We conducted a retrospective cohort study of patients with an inpatient admission in the US Department of Veterans Affairs (VA) system between October 1, 2007, and November 30, 2010. We constructed multivariate log-binomial regressions to assess the impact of a positive culture on mortality in the 30- and 90-day periods following the first positive culture, using a propensity-score–matched subsample.
Patients identified with positive cultures due to MDR Acinetobacter (n=218), MDR Pseudomonas aeruginosa (n=1,026), and MDR Enterobacteriaceae (n=3,498) were propensity-score matched to 14,591 patients without positive cultures due to these organisms. In addition, 3,471 patients with positive cultures due to MRSA were propensity-score matched to 12,499 patients without positive MRSA cultures. Multidrug-resistant gram-negative bacteria were associated with a significantly elevated risk of mortality both for invasive (RR, 2.32; 95% CI, 1.85–2.92) and noninvasive cultures (RR, 1.33; 95% CI, 1.22–1.44) during the 30-day period. Similarly, patients with MRSA HAIs (RR, 2.77; 95% CI, 2.39–3.21) and colonizations (RR, 1.32; 95% CI, 1.22–1.50) had an increased risk of death at 30 days.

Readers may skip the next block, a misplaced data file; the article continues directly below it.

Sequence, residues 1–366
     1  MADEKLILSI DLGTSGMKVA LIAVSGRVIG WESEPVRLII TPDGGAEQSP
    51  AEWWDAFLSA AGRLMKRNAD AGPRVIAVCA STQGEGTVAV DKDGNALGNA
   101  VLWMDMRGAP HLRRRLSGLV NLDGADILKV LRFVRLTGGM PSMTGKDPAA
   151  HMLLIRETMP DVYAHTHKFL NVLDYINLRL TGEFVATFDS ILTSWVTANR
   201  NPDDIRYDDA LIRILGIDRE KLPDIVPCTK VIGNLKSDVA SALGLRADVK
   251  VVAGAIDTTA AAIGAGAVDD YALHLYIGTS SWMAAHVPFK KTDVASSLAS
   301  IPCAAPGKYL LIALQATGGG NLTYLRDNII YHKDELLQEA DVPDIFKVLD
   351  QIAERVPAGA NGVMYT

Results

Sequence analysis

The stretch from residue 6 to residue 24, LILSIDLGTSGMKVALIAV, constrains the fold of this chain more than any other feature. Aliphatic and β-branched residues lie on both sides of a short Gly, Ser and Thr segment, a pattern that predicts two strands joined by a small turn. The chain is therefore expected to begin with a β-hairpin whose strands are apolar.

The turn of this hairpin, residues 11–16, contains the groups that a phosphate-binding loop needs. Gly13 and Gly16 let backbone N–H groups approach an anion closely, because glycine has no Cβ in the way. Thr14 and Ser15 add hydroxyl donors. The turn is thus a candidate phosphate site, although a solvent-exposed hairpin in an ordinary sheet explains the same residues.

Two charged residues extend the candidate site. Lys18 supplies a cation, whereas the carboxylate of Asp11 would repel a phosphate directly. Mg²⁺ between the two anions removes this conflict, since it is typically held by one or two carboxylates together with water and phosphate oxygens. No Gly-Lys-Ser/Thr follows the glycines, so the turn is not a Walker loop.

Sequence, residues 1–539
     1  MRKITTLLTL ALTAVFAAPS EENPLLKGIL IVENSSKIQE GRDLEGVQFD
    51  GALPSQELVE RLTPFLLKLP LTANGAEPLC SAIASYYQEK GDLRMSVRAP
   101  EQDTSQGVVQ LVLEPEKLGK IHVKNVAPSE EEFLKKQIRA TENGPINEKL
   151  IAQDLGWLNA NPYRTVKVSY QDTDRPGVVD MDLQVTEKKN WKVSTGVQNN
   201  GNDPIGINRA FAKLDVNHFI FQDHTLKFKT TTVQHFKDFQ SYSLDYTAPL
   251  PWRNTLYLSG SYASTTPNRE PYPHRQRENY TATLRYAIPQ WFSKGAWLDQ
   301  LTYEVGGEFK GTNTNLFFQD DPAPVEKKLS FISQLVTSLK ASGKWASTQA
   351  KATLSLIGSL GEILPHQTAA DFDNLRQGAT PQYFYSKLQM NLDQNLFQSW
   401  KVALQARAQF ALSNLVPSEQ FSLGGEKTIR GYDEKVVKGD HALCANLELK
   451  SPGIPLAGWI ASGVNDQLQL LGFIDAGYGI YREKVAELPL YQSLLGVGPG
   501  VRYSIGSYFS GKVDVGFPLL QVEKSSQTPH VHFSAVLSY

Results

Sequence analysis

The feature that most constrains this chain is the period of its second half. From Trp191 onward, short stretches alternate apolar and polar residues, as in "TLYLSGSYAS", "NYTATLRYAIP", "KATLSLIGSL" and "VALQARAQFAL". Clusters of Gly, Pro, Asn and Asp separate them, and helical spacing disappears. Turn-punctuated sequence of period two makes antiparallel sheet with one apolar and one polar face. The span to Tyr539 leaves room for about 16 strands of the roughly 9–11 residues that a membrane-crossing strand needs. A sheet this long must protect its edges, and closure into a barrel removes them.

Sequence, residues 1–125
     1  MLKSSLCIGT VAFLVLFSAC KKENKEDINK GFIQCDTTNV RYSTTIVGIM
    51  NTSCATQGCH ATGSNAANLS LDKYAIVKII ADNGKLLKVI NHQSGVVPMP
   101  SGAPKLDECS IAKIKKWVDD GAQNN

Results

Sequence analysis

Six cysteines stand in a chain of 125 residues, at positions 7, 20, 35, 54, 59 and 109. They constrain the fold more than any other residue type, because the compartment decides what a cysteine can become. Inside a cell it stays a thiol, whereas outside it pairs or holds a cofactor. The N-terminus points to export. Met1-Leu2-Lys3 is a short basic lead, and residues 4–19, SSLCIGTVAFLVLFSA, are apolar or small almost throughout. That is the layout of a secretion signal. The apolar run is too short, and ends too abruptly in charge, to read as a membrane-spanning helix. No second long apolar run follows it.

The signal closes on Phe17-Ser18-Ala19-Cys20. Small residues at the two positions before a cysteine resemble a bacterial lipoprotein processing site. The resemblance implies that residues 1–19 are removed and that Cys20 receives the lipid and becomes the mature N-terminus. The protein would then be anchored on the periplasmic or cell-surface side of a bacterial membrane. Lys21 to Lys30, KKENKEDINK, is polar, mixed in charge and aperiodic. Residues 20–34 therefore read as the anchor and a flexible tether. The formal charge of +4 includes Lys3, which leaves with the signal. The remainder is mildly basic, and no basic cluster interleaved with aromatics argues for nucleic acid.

We found that HAIs due to gram-negative bacteria and MRSA conferred significantly elevated 30- and 90-day risks of mortality. This finding held true both for invasive cultures, which are likely to be true infections, and noninvasive infections, which are possibly colonizations.
Age-related cognitive decline is common and well-documented. Cognitive speed of processing training (SOPT) has been shown to improve trained abilities (Useful Field of View; UFOV), but transfer to individual non-trained cognitive outcomes or neuropsychological composites is sparse. We examine the effects of SOPT on a composite of six equally weighted tests – UFOV, Trail-making A and B, Symbol Digit Modality, Controlled Oral Word Association, Stroop Color and Word, and Digit Vigilance.